Convincing your elderly loved one to move to an assisted living facility can be challenging. They often feel as if they are giving up their independence AND admitting they need help. Be patient with this discussion.
If they have lived in the same home for a long time, it can add to the difficulties of moving. Most assisted living facilities will be smaller than their current home. Figuring out what to do with all their stuff can be overwhelming.
How do you convince your elderly loved one to move?
The best way to begin is by starting slowly. Use small steps to eventually achieve the move. Here are suggestions to begin the process.
→ If your elderly loved one is starting to show signs of needing help, contact family members or friends nearby to stop by regularly. It helps to gather input from others on the condition of your elderly loved one, especially if you are not nearby.
→ Install webcams to monitor your elderly loved one’s activity to determine if they need additional help. Most elderly fear losing their independence and may be untruthful about their limitations. The key is to focus on their safety.
→ Replace their car with a car service such as Uber or Lyft. In this way, they don’t feel trapped if you need to take away their car for safety reasons. They will still have their independence by having access to transportation.
→ During visits, tackle downsizing one room or closet at a time. Make three piles – one to keep, one to donate, and one to discard. By tackling small areas over a period of time, you will make the task less daunting when they actually need to move.
→ Consider in-home non-medical care if it becomes too much to coordinate with friends and family. In-home care will average $20 per hour depending on where you live. Most agencies require a certain number of hours daily.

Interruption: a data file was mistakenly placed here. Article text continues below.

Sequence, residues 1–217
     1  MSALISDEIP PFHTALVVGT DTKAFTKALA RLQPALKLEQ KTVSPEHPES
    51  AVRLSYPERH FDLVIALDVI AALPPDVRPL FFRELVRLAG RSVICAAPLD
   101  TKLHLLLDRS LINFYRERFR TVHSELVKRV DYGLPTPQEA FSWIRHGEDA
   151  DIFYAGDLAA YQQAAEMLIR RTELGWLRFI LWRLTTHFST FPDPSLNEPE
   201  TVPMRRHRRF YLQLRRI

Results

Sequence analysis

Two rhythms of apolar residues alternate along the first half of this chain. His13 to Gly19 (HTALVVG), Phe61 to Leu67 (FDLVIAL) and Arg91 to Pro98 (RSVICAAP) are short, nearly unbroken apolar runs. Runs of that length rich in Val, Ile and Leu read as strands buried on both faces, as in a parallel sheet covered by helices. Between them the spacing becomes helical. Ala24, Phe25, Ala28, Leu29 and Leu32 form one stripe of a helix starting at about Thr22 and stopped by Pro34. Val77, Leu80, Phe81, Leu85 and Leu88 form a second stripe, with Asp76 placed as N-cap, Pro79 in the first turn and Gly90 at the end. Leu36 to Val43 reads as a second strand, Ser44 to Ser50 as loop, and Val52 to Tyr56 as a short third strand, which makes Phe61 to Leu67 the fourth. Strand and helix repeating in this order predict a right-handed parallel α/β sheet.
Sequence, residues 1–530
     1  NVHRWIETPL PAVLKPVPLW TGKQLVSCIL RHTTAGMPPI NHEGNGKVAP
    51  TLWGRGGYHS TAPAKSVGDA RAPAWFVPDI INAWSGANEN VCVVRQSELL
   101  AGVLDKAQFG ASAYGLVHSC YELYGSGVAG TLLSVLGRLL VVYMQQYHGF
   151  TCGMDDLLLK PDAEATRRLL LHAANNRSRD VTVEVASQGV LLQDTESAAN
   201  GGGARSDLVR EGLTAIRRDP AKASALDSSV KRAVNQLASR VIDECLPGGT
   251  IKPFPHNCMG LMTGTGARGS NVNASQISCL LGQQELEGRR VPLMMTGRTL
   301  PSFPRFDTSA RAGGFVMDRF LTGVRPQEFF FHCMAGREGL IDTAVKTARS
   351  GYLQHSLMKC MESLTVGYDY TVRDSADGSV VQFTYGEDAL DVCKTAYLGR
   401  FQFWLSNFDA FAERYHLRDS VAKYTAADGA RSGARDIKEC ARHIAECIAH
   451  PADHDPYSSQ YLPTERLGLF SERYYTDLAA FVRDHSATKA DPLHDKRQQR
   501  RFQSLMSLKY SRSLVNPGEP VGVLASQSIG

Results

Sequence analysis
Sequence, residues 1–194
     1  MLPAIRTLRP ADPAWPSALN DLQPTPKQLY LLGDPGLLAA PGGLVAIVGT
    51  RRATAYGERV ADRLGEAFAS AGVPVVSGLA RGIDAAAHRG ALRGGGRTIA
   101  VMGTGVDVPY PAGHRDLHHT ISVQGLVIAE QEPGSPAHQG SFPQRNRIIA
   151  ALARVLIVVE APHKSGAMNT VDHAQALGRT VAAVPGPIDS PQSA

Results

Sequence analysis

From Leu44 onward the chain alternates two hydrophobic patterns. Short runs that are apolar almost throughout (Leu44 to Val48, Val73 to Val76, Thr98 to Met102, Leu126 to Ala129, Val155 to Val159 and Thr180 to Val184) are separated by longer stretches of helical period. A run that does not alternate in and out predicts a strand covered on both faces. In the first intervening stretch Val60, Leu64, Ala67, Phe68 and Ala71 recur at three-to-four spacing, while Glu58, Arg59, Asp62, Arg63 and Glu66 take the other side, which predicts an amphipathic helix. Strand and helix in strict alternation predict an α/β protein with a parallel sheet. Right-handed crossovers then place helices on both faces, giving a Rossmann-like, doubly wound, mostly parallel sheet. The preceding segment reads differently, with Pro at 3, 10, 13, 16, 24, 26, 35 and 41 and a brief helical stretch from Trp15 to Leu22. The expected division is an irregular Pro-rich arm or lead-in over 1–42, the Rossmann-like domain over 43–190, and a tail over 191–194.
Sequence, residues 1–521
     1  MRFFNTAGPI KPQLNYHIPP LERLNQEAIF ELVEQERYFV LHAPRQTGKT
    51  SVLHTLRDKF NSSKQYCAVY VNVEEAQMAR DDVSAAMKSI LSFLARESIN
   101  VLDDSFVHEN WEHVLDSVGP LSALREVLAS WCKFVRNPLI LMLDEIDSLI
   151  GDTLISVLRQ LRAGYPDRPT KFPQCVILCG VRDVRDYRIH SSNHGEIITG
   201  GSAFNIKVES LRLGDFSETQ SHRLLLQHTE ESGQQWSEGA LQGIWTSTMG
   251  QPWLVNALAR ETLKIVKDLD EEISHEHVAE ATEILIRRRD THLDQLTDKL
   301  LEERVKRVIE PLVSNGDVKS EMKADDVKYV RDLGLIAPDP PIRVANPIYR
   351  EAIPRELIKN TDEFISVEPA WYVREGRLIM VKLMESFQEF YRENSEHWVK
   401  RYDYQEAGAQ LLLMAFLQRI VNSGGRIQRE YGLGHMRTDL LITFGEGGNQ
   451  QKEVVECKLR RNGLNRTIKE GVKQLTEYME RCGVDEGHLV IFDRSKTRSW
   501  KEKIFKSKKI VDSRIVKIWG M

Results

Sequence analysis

Depending on your elderly loved one’s temperament, you may have to go through several different in-home care givers to find the “right” one. One of my clients went through five caregivers before finding one her mother could tolerate.
→ Take advantage of assisted living facilities that allow you to stay for a short period. If your elderly loved one is recovering from surgery, this option may be acceptable to them. It’ll give them a chance to see first-hand how the facility operates without a major commitment. Many assisted living facilities have amenities and social functions that keep residents active.
Convincing your elderly loved one to move to an assisted living facility is not an easy conversation. If possible, begin the conversation while they are still healthy and active. Most seniors need assisted living as they approach their late 70’s. Also, begin exploring options early so you’ll be prepared if you need to make a quick decision.
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ABOUT THE AUTHOR:
Niv Persaud, CFP®, CDFA™, CRPC®, is the Founder of Transition Planning & Guidance, LLC. Life is more than money. It’s about living the lifestyle you want and can afford. For that reason, Niv consults with clients on money, life, and work. Her approach capitalizes on techniques she learned throughout her career, including as a management consultant, executive recruiter, and financial advisor. Her services include spending plan, financial plan, divorce financial review, life strategy, and professional progression. Niv actively gives back to her community through her volunteer efforts. She believes in living life to the fullest by cherishing friendships, enjoying the beauty of nature, and laughing often — even at herself. Her favorite quote is by Erma Bombeck, “When I stand before God at the end of my life, I would hope that I would not have a single bit of talent left and could say ‘I used everything you gave me’.”